The Jeep Wrangler definitely has become a cult vehicle. Mainly responsible for making the brand a household name, the Wrangler is gaining more and more followers with age. Sales of the 2012 Jeep Wrangler have skyrocketed in Canada this past year, partly because the SUV is becoming slightly more refined while retaining its rugged looks and stellar off-road capabilities.
Don't forget to wave at other Wrangler owners on the road, 'cause they'll wave at you. Consider it the cult's secret handshake. Just so you don't look like a novice, you shouldn't wave at Compass or Patriot drivers.
As before, the 2012 Jeep Wrangler is available in two- or four-door configurations, the latter benefiting from a longer wheelbase, and a more comfortable on-road ride. In addition, Chrysler fitted its refined new 3.6L V6 under the clamped hood of the Wrangler, and it's even tuned to sound like it should in such a tough-guy SUV.
What's new for 2012
First and foremost, the engine. For duty in the Wrangler, it develops 285 hp and 260 lb-ft of torque. It's available with a 6-speed manual (a first for Pentastar V6) or optional 5-speed automatic transmission; our tester's got the manual, and besides being a little rough engaging reverse, it's easy to manipulate despite the long shift lever. For inching over rough terrain, the clutch allows very cautious throttle application without stalling.
With 40% more firepower, this Jeep is quicker and not as strained to merge into traffic. The on-road experience is better in the Sahara than in the Rubicon, which is the last Wrangler I tested a while back; if your off-road adventures are limited to dirt roads heading up to the cabin, the Sahara edition will do just fine.
With the engine swap comes improved fuel economy, although in the Unlimited model, it's only marginally better. Rated at 13.4 and 9.6L/100km city/highway, my average over the course of the week is 14.7L/100km. I didn't do much highway, and I'd probably have netted a better result with the automatic. Still, you can't expect miracles in an SUV this un-aerodynamic.
The other noticeable change this year is a colour-coordinated hardtop for the Rubicon model, a feature the Sahara exclusively featured in 2011.
An off-road champ
The 2012 Jeep Wrangler's Command-Trac I four-wheel drive system uses a simple yet effective setup. When you pull the lever from 2H to 4H, the transfer case splits torque 50:50 to front and rear axles. In 4WD mode, though, the Wrangler scrubs its front tires when you turn a tight diameter; you can't really leave it in 4H all the time.
No explanation necessary here to justify why the Wrangler is so good in the boonies. The transfer case low range, its excellent approach and departure angles, the high ground clearance as well as the front and rear axles assure that there's always wheels with traction that are touching the ground.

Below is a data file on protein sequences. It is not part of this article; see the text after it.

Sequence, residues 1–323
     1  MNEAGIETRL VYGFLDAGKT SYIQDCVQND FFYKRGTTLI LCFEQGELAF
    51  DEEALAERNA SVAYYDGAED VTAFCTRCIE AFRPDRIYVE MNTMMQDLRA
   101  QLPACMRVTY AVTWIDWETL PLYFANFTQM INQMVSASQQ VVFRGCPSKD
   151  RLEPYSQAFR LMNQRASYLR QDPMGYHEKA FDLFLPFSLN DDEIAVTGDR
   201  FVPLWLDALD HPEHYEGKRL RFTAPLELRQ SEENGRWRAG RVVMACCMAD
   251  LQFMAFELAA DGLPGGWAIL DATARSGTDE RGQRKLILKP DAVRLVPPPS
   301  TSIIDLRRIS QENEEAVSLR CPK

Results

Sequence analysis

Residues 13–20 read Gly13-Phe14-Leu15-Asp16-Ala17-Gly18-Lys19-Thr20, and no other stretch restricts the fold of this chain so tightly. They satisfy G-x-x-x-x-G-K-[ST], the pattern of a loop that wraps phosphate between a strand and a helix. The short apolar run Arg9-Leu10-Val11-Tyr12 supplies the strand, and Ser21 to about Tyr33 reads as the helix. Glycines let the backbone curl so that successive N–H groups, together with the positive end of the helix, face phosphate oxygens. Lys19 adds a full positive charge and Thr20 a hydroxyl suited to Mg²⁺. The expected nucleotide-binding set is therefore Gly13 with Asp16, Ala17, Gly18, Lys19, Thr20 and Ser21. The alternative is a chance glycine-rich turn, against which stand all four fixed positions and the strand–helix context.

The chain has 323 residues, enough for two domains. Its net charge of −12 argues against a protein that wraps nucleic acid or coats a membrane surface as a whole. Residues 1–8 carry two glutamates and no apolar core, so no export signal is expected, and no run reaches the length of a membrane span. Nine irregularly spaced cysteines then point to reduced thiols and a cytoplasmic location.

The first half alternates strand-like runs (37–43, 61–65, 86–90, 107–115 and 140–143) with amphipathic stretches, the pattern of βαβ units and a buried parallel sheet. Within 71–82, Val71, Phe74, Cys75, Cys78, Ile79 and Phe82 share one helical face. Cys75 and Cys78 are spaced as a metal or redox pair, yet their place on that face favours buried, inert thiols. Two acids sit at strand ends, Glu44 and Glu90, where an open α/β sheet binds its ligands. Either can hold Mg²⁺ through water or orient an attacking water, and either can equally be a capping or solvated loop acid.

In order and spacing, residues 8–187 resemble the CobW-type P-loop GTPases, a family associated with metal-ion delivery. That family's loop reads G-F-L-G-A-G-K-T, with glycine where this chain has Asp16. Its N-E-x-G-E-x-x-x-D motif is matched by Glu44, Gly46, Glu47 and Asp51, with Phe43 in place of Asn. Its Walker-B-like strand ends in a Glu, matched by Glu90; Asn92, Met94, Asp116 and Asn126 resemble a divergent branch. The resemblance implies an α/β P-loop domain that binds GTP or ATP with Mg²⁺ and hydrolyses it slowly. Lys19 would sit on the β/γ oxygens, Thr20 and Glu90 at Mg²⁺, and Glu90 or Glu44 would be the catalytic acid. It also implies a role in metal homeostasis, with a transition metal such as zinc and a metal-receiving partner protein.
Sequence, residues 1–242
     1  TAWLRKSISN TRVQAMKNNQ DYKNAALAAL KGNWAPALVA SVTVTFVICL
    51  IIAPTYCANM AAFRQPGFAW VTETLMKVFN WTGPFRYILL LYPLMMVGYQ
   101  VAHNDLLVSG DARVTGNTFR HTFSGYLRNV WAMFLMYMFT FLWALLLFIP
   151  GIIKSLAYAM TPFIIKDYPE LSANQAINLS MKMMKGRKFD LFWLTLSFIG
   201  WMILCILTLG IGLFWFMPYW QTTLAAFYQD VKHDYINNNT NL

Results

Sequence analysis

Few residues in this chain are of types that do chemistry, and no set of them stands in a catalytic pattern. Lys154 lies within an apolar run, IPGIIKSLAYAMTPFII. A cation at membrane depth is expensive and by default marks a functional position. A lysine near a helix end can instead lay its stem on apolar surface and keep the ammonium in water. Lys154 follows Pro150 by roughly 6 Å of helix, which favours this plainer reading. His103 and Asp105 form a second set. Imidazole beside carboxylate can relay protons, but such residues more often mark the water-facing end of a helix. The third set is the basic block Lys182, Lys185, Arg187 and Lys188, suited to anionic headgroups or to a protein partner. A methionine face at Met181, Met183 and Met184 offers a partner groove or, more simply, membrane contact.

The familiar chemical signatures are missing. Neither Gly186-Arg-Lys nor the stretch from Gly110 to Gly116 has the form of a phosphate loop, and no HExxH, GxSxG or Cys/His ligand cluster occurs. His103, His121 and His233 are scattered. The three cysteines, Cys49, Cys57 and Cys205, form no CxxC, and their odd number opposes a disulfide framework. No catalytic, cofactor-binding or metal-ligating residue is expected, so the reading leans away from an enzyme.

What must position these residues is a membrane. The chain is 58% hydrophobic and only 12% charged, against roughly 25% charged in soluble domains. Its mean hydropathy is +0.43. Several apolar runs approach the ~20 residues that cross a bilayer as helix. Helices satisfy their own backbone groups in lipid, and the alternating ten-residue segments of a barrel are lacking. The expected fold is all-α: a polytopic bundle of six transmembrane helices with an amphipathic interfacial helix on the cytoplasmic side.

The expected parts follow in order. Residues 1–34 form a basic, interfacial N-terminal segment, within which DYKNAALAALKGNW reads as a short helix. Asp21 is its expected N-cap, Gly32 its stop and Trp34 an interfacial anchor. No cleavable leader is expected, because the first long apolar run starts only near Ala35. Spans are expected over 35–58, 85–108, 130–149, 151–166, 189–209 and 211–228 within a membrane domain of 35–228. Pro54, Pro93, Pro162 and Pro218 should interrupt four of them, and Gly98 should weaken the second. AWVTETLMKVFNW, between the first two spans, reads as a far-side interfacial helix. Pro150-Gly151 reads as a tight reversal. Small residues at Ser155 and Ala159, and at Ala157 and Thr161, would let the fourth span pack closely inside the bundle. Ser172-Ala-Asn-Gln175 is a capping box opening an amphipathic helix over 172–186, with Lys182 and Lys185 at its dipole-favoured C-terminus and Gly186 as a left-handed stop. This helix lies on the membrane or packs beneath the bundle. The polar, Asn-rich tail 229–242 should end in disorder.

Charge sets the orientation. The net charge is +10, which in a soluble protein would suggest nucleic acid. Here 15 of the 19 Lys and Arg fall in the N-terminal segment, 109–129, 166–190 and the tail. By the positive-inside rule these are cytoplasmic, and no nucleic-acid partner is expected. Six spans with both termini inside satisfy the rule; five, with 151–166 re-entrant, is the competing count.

Our tester is equipped with the MOPAR Chrome Edition Group, which includes tubular side steps; I'd pass on this for two reasons: they could be bothersome during off-road excursions, and they're so high that they actually are in the way as you climb in and out. I don't care too much for the chromed grille either.
You can still unpin the doors, lower the windshield and hose out the interior as before, but since last year, the Wrangler gets a much nicer cabin to spend time in. The new steering wheel is upscale and includes audio, trip computer and cruise controls. The climate control knobs are an improvement over the old ones. And the overall quality of the materials is on the rise as well.
The large front seats are firm yet supportive, while the rear bench includes a 60/40-split seatback for hauling more cargo. Unfortunately, in the back, the crumpled soft top prevents from inserting larger objects.
Attractive base price
A base Wrangler Sport starts at $22,695; for that price, you get very few comfort and convenience features, but hardcore Jeep owners probably don't need stuff like that. Our nicely equipped Unlimited Sahara tester, with options such as a tow hitch, the aforementioned chrome trimmings and a navigation system, costs more than $37K.
Competitors include nemesis the Toyota FJ Cruiser ($33K to $41K), the Nissan Xterra ($34K to $38K) and a dozen other SUVs or crossovers that aren't nearly as capable off-road as the Wrangler.
It may offer limited practicality as a daily driver, but that isn't stopping it from exponentially increasing sales since 2011. It's more refined than ever, but doesn't betray its Jeep roots. The loyal Wrangler fan can rest assured that he or she isn't part of some dwindling cult that will leave them spiritually and financially stranded. As long as the new followers learn to wave while they're behind the wheel.
Auto journalist & Consumer Ratings
Editor's Review Highlights
2012 Jeep Wrangler Unlimited Specifications
Similar to 2012 Jeep Wrangler Unlimited